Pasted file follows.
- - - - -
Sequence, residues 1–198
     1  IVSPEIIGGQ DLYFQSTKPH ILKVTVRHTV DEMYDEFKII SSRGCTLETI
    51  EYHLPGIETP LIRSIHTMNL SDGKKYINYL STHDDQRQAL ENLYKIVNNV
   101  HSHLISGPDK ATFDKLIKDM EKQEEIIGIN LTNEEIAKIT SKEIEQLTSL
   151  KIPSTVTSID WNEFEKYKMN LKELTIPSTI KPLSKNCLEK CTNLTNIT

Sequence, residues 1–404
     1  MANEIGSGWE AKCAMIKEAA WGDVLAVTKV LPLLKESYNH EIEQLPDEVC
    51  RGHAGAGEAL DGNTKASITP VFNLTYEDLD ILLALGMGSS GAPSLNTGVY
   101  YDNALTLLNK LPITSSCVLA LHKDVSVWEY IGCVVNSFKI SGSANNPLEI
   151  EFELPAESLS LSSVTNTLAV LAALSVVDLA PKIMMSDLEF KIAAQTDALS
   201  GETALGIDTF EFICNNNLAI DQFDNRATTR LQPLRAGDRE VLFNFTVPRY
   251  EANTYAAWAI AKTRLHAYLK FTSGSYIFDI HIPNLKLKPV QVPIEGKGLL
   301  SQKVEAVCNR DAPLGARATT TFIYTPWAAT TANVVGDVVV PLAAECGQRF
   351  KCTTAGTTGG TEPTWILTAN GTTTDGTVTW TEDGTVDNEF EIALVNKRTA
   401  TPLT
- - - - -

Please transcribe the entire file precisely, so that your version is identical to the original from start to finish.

Sequence, residues 1–198
     1  IVSPEIIGGQ DLYFQSTKPH ILKVTVRHTV DEMYDEFKII SSRGCTLETI
    51  EYHLPGIETP LIRSIHTMNL SDGKKYINYL STHDDQRQAL ENLYKIVNNV
   101  HSHLISGPDK ATFDKLIKDM EKQEEIIGIN LTNEEIAKIT SKEIEQLTSL
   151  KIPSTVTSID WNEFEKYKMN LKELTIPSTI KPLSKNCLEK CTNLTNIT

Sequence, residues 1–404
     1  MANEIGSGWE AKCAMIKEAA WGDVLAVTKV LPLLKESYNH EIEQLPDEVC
    51  RGHAGAGEAL DGNTKASITP VFNLTYEDLD ILLALGMGSS GAPSLNTGVY
   101  YDNALTLLNK LPITSSCVLA LHKDVSVWEY IGCVVNSFKI SGSANNPLEI
   151  EFELPAESLS LSSVTNTLAV LAALSVVDLA PKIMMSDLEF KIAAQTDALS
   201  GETALGIDTF EFICNNNLAI DQFDNRATTR LQPLRAGDRE VLFNFTVPRY
   251  EANTYAAWAI AKTRLHAYLK FTSGSYIFDI HIPNLKLKPV QVPIEGKGLL
   301  SQKVEAVCNR DAPLGARATT TFIYTPWAAT TANVVGDVVV PLAAECGQRF
   351  KCTTAGTTGG TEPTWILTAN GTTTDGTVTW TEDGTVDNEF EIALVNKRTA
   401  TPLT